In the dim stove light, the table shone from the oil of all the fish prepared upon it. But Grandpa was no fish; unlike Papa, he was a man of both water and land. He had taught me how to ride and how to tend the animals. Now as the storm reached a pitch and the wind howled even louder, I could hear them lowing and bleating. I longed to comfort them. Surely, Mama would forgive me for abandoning the vigil before the end of the night. I went to the door and began lifting the heavy crossbar, but stopped. Something other than the storm moved outside. I lowered the bar and pressed my ear to the door. Below the wailing wind I could hear pacing and sniffing. It was an animal. And in that moment, a howl pierced through my head, sending me running back to the corner to yank the rifle uselessly to my shoulder. The wolf just outside the door was silent but from all around, answering howls came, the same ones I had been hearing all along, not the wind after all. The howls grew stronger and closer as they leapt from the woods and surrounded the shed.
Then came the sharp, wrenching noise of wood splintering. I twirled around, looking for the damage, but in vain. The large door was unharmed; it did not even shake in place. I paced the room, listening. The sound came again, but now that some of my terror calmed, I could hear that it was farther away. They were not at this shed. I raced up the crates under the window and peered out. It was difficult to see through the darkness and snow, but I could make out the shapes of wolves around the near shed. Dozens of them, pacing and clawing at the wood. It was a newer building, the wood thin and tightly fitted for warmth, worn now after weeks of animal urine soaking into its lower edges. Several wolves gathered on one side. Already they had made a small hole. They clawed desperately to widen it. Teeth were bared as they fought with each other for position. The large grey wolf was always at the forefront, his great jaws snapping the weakened wood like the thin bones of a lamb. Inside, the animals cried out in terror.
I shouted from the window but if they heard my voice, they were undeterred, being so close to easing the starvation the winter had brought. I pulled the wool plug from the window and raised the rifle. It was a difficult angle to maintain but I managed to fit the barrel through the opening in the glass. I had but five shots, one in the chamber and four in my pocket. Aiming as best I could in the darkness, I shot at the wolf closest to the opening, a scrawny black beast. It yelped in pain and ran into the darkness, leaving a dark trail on the snow. Two of the others ran after it. Anything could become food in this winter. I reloaded and took aim again.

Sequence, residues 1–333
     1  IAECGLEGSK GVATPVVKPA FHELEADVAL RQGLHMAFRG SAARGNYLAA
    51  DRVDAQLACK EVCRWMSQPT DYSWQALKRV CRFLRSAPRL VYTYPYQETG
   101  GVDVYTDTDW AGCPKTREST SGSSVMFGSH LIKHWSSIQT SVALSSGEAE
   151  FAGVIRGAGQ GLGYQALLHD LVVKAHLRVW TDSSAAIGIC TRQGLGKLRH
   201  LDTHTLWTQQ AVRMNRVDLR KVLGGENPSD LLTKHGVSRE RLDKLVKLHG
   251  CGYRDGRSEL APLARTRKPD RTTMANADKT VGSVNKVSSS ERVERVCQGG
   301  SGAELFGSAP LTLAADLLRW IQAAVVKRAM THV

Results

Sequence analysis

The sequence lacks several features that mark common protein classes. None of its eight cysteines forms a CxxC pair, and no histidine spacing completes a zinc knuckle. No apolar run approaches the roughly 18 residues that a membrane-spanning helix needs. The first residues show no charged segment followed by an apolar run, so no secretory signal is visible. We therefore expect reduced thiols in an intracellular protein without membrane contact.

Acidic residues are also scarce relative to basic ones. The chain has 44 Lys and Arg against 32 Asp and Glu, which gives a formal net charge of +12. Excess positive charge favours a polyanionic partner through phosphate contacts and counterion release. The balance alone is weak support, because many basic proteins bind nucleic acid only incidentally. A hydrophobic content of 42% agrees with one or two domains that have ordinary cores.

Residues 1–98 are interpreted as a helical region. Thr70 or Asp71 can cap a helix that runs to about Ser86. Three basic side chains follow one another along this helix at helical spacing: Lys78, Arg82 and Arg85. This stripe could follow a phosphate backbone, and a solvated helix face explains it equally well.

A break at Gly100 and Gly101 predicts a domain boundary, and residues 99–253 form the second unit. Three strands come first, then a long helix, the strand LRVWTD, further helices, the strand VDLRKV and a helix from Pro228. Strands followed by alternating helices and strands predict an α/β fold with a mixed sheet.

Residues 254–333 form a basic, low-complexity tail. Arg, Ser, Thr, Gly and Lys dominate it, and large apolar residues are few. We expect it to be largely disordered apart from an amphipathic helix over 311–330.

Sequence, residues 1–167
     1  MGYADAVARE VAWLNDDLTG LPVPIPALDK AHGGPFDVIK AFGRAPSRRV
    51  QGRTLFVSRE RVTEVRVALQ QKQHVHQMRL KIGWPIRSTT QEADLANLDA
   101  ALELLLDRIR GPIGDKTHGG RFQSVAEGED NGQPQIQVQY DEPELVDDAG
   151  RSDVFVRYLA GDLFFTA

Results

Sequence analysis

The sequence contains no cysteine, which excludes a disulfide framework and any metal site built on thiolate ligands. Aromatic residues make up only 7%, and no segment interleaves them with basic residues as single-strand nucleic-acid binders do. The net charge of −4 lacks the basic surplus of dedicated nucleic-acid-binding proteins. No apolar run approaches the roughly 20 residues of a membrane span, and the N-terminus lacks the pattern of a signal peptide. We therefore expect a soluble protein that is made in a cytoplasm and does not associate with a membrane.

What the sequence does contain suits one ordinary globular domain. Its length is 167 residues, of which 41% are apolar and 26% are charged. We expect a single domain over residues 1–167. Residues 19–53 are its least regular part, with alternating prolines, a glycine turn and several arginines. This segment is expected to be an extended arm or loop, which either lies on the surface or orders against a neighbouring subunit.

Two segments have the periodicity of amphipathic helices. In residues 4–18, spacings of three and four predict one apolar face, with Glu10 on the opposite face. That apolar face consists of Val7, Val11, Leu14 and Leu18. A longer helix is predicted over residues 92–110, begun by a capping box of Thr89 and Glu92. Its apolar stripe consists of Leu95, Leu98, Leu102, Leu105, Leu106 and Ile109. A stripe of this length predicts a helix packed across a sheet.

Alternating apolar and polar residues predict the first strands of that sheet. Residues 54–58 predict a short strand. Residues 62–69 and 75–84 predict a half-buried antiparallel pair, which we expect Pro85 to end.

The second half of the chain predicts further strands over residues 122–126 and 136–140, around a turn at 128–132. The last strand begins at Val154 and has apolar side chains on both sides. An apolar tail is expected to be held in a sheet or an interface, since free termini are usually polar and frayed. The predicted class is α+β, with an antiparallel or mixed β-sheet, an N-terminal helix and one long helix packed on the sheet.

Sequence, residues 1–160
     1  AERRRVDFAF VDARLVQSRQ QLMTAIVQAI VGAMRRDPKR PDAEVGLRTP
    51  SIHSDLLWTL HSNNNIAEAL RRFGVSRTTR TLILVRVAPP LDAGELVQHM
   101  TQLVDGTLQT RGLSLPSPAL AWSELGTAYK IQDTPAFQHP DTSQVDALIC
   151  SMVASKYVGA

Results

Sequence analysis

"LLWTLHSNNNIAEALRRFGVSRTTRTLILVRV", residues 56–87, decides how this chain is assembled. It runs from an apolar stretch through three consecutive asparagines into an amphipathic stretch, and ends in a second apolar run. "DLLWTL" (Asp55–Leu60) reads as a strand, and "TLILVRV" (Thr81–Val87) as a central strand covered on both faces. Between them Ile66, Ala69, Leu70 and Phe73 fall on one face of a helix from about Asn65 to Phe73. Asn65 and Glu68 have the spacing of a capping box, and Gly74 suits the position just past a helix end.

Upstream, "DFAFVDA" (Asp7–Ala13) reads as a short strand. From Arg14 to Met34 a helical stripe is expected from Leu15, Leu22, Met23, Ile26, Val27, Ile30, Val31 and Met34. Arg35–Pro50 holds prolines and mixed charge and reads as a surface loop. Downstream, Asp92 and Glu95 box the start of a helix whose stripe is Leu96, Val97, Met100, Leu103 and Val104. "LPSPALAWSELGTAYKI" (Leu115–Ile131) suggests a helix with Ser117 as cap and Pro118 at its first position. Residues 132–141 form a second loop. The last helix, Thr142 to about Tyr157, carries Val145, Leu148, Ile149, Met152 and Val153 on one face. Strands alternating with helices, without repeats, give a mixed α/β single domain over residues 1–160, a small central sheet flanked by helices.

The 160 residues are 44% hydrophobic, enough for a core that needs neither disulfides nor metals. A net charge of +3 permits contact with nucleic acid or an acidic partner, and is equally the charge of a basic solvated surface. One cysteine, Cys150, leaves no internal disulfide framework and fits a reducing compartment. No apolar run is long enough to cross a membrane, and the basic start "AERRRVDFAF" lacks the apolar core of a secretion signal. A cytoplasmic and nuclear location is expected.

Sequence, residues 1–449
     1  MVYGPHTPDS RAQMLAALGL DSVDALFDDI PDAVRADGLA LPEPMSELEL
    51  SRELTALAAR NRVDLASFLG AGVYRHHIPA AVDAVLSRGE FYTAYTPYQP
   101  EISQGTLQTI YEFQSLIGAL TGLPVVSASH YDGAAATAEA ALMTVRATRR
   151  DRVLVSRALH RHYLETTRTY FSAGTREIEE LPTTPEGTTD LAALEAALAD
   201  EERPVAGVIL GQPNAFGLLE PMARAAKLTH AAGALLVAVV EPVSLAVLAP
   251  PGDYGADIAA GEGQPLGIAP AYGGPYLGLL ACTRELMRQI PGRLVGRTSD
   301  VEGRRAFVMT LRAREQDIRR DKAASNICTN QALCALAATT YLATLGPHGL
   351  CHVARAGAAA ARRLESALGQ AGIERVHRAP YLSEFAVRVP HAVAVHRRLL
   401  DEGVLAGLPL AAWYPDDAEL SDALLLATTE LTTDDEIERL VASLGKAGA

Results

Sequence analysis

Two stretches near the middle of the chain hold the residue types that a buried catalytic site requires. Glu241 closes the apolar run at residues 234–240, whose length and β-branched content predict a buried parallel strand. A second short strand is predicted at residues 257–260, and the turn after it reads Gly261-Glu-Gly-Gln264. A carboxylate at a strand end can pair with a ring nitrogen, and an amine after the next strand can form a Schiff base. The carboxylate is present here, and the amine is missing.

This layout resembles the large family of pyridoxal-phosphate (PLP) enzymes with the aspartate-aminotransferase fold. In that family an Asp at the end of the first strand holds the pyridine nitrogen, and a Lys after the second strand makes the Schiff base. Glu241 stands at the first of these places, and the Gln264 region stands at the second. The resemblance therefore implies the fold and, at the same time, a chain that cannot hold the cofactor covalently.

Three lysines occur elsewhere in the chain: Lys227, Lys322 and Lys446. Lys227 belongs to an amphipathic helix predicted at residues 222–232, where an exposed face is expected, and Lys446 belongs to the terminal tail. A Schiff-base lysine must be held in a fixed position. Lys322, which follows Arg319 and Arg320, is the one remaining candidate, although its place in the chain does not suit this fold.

The hole in the shed was now wide enough for a wolf. One had already wedged himself in up to the haunches. I shot at him but struck only the side of the building. The kickback on the rifle shattered the rest of the window. Several of the wolves looked up at me, including the grey one. Without hurry, he padded to the other side of the shed. The wolf in the hole writhed one last time and was in. I could hear the animals stamping inside. A lone wolf would not have much chance against cornered cattle. But then another slipped in, and another. Screams as I had never heard animals make filled the night. More wolves fought to get in, frenzied by the animals' cries, but something blocked the hole. One of the first wolves reappeared, its jaws clamped over the throat of a young goat. The goat's knobby legs thrashed about the opening before being seized by the wolves outside. I fired again and again. One shot found its mark; a wolf went down, still and silent in the snow, but there were several more to take its place. They carried the bleating goat towards the woods before the fighting tore it apart like old fabric.
A louder sound rent the night, the sound of wood collapsing and animals stampeding in terror. The wolves still at the hole circled around to the other side of the shed. The door had given way and I knew who had broken it. In moments, the cattle and goats fled across the snow, the wolves right on their heels. Several geese managed to fly up to the roof of the shed, but the blood splattered on the snow there showed that even they were injured. I had seen enough. I slunk down on the crate and wept, for the animals and for us. How terrible it must be to be torn to pieces by wolves, and how terrible it would be for us to starve as the winter stretched on.